A REVIEW OF APPROACHES AND TECHNIQUES USED IN AQUATIC CONTAMINATED SEDIMENTS: METAL REMOVAL AND STABILIZATION BY CHEMICAL AND BIOTECHNOLOGICAL PROCESSES
Akcil, A., C. Erust, S. Ozdemiroglu, V. Fonti, and F. Beolchini.
Journal of Cleaner Approaches, Vol 86, 24-36, 2015

This paper provides an overview of the main treatment strategies potentially available for metal-contaminated sediments, together with a brief discussion of issues associated with sediment management. http://www.jlakes.org/config/hpkx/news_category/2016-03-11/1-s2.0-S0959652614008312-main.pdf


ASSESSING THE EFFECTS OF BIOTURBATION ON METAL BIOAVAILABILITY IN CONTAMINATED SEDIMENTS BY DIFFUSIVE GRADIENTS IN THIN FILMS (DGT)
Amato, E.D., S.L. Simpson, T.M. Remaili, D.A. Spadaro, C.V. Jarolimek, and D.F. Jolley.
Environmental Science & Technology, Vol 50 No 6, 3055-3064, 2016 [DOI: 10.1021/acs.est.5b04995]

The performance of the in situ technique of diffusive gradients in thin films (DGT) was investigated for assessing metal bioavailability in sediments and providing predictions of metal bioavailable to benthic organisms in dynamic sediment environments. The DGT technique for predicting metal bioavailability was tested in clean and contaminated sediments subjected to varying degrees of disturbance. Strong relationships were found between bioaccumulation of Pb and Zn and time-integrated DGT-metal fluxes, whereas poor relationships were obtained using total or dilute acid-extractable metal concentrations.


HEC-RAS MODELING TO ASSESS CONTAMINATED SEDIMENT DEPOSITION BEHIND A RIFFLE REMEDIATION STRUCTURE IN BIG RIVER, BONNE TERRE, MO
Weedman, N., M. Pierson, and R. Pavlowsky.
Partnership for River Restoration and Science in the Upper Midwest, Poster presentation, 2016

Sediment deposition in river channels can be intensified by flooding, channel structures, or dredging. On the Big River, the Army Corps of Engineers and EPA constructed a riffle structure to trap Pb-contaminated sediments for remediation purposes. Developing an understanding of where Pb-contaminated sediment is stored, how it will be affected by flood events, and effective timing of contaminated sediment removal is the overarching project goal. The level of contamination of trapped sediment and an analysis of the hydraulics of this reach of the Big River were modeled using HEC-RAS. The level of contamination was determined using X-ray fluorescence. The model allows for comparison of observed and predicted sedimentation of the reach. http://www.prrsum.org/sites/prrsum.org/files/Nichole%20Weedman.pdf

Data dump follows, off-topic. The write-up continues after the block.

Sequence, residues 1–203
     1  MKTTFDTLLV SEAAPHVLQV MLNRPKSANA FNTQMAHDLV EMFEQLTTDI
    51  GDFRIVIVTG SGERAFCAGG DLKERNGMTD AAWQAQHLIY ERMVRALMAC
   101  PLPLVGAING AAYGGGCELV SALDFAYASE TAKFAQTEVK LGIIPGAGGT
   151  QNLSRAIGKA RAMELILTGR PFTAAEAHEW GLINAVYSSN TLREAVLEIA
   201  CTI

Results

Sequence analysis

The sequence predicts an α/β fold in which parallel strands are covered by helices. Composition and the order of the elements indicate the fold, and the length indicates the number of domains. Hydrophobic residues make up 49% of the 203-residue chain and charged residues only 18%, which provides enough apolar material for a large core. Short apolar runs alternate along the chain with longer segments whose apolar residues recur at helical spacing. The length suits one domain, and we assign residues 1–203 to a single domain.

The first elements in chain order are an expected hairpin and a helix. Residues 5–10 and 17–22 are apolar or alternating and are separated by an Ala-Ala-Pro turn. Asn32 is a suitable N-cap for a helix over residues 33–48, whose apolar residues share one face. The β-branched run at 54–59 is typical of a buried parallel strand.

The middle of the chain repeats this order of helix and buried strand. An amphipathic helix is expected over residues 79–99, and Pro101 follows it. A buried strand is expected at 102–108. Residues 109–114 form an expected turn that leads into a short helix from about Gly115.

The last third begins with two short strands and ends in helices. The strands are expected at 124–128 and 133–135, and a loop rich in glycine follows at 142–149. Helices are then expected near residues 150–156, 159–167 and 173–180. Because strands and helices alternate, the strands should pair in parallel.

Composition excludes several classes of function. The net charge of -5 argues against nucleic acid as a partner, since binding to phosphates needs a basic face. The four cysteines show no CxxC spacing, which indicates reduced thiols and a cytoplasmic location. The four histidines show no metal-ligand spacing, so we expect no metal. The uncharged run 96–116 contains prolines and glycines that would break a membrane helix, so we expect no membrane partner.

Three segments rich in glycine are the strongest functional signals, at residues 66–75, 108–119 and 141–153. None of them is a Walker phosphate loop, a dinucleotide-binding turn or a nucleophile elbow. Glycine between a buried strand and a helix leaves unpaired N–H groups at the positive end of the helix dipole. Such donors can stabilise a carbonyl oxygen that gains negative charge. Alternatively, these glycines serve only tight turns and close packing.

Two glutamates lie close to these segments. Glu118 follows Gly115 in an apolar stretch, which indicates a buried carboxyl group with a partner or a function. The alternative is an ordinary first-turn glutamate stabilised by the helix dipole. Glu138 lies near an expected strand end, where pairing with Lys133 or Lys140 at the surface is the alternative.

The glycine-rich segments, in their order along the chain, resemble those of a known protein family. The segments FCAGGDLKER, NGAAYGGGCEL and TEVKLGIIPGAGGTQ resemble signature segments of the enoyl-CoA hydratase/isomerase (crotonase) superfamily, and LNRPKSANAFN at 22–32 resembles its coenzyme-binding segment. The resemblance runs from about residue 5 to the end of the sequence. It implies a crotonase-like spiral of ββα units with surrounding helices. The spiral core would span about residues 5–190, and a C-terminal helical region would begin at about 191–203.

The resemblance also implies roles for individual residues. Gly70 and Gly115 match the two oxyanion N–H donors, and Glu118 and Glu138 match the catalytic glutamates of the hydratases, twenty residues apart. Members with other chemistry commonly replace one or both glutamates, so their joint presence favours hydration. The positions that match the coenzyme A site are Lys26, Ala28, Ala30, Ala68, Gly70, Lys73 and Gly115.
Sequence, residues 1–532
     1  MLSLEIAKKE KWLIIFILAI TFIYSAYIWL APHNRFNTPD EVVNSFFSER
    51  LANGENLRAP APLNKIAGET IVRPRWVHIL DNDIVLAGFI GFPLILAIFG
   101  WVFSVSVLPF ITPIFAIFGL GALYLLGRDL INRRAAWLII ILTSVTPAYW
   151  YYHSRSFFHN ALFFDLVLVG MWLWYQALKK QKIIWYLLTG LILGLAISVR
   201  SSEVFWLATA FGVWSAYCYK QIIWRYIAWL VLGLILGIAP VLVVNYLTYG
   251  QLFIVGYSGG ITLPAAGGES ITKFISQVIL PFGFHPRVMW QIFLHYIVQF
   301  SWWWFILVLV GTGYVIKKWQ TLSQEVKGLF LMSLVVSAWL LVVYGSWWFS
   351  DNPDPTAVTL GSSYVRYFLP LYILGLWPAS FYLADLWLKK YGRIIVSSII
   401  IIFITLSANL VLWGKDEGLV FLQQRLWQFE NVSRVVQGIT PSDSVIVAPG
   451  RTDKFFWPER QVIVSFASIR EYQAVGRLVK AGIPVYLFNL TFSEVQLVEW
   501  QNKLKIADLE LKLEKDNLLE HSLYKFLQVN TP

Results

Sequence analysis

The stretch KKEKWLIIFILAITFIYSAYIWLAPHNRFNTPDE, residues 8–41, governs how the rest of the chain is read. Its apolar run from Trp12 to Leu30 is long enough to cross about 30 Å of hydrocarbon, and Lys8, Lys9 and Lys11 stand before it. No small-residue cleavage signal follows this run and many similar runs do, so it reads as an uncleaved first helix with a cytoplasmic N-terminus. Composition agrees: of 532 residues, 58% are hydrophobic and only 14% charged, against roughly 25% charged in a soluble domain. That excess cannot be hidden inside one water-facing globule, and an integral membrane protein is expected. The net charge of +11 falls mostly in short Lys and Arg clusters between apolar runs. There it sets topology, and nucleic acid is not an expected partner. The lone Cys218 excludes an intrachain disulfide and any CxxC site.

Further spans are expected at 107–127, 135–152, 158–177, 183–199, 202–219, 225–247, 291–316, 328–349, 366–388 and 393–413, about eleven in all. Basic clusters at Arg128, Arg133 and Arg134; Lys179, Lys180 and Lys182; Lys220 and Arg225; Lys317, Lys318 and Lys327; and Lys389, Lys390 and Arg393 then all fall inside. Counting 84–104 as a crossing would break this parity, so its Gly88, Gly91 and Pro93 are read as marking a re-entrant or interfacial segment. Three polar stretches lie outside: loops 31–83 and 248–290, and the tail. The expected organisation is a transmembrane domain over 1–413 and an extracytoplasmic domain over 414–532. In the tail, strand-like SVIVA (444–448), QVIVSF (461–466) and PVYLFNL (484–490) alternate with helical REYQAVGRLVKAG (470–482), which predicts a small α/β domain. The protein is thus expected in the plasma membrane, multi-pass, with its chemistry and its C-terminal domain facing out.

VERMICULITE BIO-BARRIERS FOR CU AND ZN REMEDIATION: AN ECO-FRIENDLY APPROACH FOR FRESHWATER AND SEDIMENTS PROTECTION
Ferronato, C., B. Silva, F. Costa, and T. Tavares.
International Journal of Environmental Science and Technology, Vol 13 No 5, 1219-1228, 2016

Permeable barriers made of vermiculite clay were positioned for heavy metals remediation at the interface between water and sediments, and researchers investigated the potential for increasing barrier efficiency by loading the vermiculite surface with a microbial biofilm of Pseudomonas putida, a known accumulator of heavy metals. Results of batch assays showed that the vermiculite biobarrier system had a higher removal capacity than vermiculite alone. Considerations about biofilm attachment in a continuous-flow system are also discussed. See additional information in C. Ferronato's Ph.D. thesis at http://amsdottorato.unibo.it/6881/1/Ferronato_PHD.pdf.


OCCURRENCE OF SELECT PERFLUOROALKYL SUBSTANCES AT U.S. AIR FORCE AQUEOUS FILM-FORMING FOAM RELEASE SITES OTHER THAN FIRE-TRAINING AREAS: FIELD-VALIDATION OF CRITICAL FATE AND TRANSPORT PROPERTIES
Anderson, R.H., G.C. Long, R.C. Porter, and J.K. Anderson.
Chemosphere, Vol 150, 678-685, 2016

PFAS-containing aqueous film-forming foam (AFFF) can enter soil and groundwater at sites on military activities other than former fire-training areas (FTAs), such as emergency response locations, AFFF lagoons, and fire station testing and maintenance areas. In 2014 an investigation was conducted on 10 active Air Force installations with historic AFFF use of varying magnitude to evaluate the occurrence of select PFAS compounds in sites with diverse AFFF release history. Concentrations of 15 perfluoroalkyl acids (PFAAs) and perfluorooctane sulfonamide (PFOSA), an important PFOS precursor, were measured from several hundred samples of surface soil, subsurface soil, sediment, surface water, and groundwater. Differences in detection frequencies and observed concentrations due to AFFF release volume are presented with rigorous data analyses that quantitatively demonstrate phase-dependent (i.e., solid-phase versus aqueous-phase) differences in the chemical signature as a function of carbon chain length and in situ PFOS (and to a slightly lesser extent PFHxS) formation, presumably due to precursor biotransformation.


TRANSFORMATION OF POLYFLUORINATED COMPOUNDS IN NATURAL WATERS BY ADVANCED OXIDATION PROCESSES
Anumol, T., S. Dagnino, D.R. Vandervort, and S.A. Snyder.
Chemosphere, Vol 144, 1780-1787, 2016